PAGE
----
Have you met someone new online? Is the relationship quickly becoming serious? Are you spending all your time talking with this person but not meeting them in real life? While that may be cause for excitement, it might also be cause for concern. One of the most common forms of fraud is called a romance scam or love fraud.
In these types of scams, a fraudster pretends to fall in love with someone they meet online. After an intense courtship, what often happens is the scammer will ask for money.
In 2020, this type of fraud led to losses that increased by 50% over 2019. The median loss was $2,500. In addition, in 2020, the use of gift cards to send money to scammers increased by 70%.
These scams can be particularly brutal since it involves both financial loss and romantic loss. And they’re effective because, when we’re in love, we’re often willing to help those people out with money or other goods. So it’s no surprise that these attacks are increasing rapidly in frequency.
Romance scams tend to follow a similar format. The overarching idea is to get the victim to trust and fall quickly in love with the scammer. By doing so, it can be easier to ask for and receive money. Here’s how romance scams and love fraud work.
On your dating app of choice, you get matched with someone intelligent, successful, and appealing. They say they live in a different part of the country or world; frequently, they’ll say they work abroad for business or are deployed in the military. Popular professions are working on an oil rig or as an international doctor.
After a few conversations, they quickly ask to take the conversation to email or text message.
Typically, as you get closer, there will be plans made to meet in person. However, as the date nears, the person backs out. Something comes up, and they keep canceling so that you’ll never actually meet them in person. If this keeps happening, it’s a red flag that something may be off.
After a set period, you’ll get an urgent request. It could be to pay a sudden medical debt, or they need a loan for a cash-strapped family member. It could also be to pay for a plane ticket, pay off debts, or pay for travel documents.
Whether via a gift card, prepaid debit cards, or through wiring money, they’ll ask for money with a promise to pay it back. However, they never will. Gift cards and wire transfers make it impossible to track the money back—an attractive proposition for scammers.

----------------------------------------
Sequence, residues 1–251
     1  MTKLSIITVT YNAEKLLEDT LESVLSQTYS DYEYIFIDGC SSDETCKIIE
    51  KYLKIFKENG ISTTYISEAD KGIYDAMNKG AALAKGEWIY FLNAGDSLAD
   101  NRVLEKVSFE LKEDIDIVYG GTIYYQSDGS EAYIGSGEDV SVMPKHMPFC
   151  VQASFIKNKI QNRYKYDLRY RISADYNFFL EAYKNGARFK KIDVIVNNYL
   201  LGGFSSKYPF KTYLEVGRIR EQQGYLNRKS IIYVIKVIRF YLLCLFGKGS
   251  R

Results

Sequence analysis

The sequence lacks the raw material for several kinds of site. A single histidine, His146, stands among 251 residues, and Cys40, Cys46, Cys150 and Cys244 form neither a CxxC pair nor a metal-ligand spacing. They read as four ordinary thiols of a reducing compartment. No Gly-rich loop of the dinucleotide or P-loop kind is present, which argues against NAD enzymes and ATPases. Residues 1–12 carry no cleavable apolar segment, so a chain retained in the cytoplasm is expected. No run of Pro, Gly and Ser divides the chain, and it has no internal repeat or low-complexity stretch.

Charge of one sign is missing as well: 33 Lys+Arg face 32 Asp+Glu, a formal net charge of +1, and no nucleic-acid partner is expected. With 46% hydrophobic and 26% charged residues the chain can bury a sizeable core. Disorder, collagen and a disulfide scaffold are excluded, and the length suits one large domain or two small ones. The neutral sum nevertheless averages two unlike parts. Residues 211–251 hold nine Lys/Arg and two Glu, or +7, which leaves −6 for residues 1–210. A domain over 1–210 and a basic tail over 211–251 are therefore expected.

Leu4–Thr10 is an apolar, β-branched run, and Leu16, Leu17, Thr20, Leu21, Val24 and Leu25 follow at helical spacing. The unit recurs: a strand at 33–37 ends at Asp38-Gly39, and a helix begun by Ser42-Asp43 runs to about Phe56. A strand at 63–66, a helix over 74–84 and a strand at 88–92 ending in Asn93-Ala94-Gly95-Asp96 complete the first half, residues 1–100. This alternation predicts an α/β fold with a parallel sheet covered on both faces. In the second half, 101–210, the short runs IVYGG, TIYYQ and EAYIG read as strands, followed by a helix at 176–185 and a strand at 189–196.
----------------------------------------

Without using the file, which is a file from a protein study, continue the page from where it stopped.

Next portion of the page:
The end goal is to get as much money as possible. The con artist will keep asking for money until you finally realize what’s going on.
Like all online scams, romance scams can be challenging to detect. Since there’s often genuine love involved with a romance scam, it can be even more difficult to figure out. However, there are a few things to keep an eye on and things you can do to keep yourself (and your money) safe:
As a general rule, never send money to someone you’ve only met online or by phone. Being skeptical is good, especially when meeting people online for the first time.
Yes, they can be. Where the scam takes place is key. The perpetrator may be charged federally with wire fraud or mail fraud if it occurs across state lines. If it occurs internationally, it may be more difficult—the person may be arrested upon entering the U.S.
These scams are fraud, plain and simple since they are using false pretenses to get funds.
If you believe you’re the victim of a romance scam, you have some options. The best thing to do is let the authorities know. To do so, you can report it to:
Though romance scams can happen on any platform, half of them involve social media.
Tinder And Other Dating Apps
A popular place for scammers to find victims is dating apps such as Tinder, Harmony, or Hinge. The problem has become so pervasive that Match Group, which owns dating sites like Tinder and Match.com, ran several PSAs about the dangers of romance scams.
It’s a popular venue. Since users sign up for these sites searching for love, they assume that others are looking for the same thing. That means that potential victims may already have their guards down when talking to someone on these platforms. That can make it easier for these folks to launch their scams successfully.
Scammers will focus on Facebook as a venue to launch their romance fraud. On Facebook, they will send romantic messages and might even pretend to be divorced or in a bad relationship. The idea is to receive money. To do so, they will gain trust by building a relationship through Facebook.
Another popular romance scam on Facebook is when imposters steal photos from military members’ Facebook profiles and use that photo to create a fake account. From there, they will send hundreds of messages in the hopes of finding someone who will bite.
With over 120 million fake accounts on Facebook and the platform's ease of use, it makes it easy for scammers to propagate this type of attack.
While scammers can target people of all ages, one commonly targeted group is the elderly. Older adults tend to pay nearly $8,000 on average more when they are victims of a scam. For people in their 20s, the median loss is $770.
For the elderly, romance fraud causes the most significant financial losses among those aged 60 and older. There can be many reasons for this, including elderly folks looking for love after being widowed or not being as technically savvy.
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